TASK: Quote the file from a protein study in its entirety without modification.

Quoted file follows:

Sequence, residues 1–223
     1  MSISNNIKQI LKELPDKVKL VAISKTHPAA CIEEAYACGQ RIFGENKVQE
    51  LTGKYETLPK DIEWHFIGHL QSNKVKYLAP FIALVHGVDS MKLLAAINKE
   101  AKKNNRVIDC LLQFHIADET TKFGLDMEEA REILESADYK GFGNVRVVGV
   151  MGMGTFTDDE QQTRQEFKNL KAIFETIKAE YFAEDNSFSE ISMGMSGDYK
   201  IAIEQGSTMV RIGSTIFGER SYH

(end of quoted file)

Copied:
Sequence, residues 1–223
     1  MSISNNIKQI LKELPDKVKL VAISKTHPAA CIEEAYACGQ RIFGENKVQE
    51  LTGKYETLPK DIEWHFIGHL QSNKVKYLAP FIALVHGVDS MKLLAAINKE
   101  AKKNNRVIDC LLQFHIADET TKFGLDMEEA REILESADYK GFGNVRVVGV
   151  MGMGTFTDDE QQTRQEFKNL KAIFETIKAE YFAEDNSFSE ISMGMSGDYK
   201  IAIEQGSTMV RIGSTIFGER SYH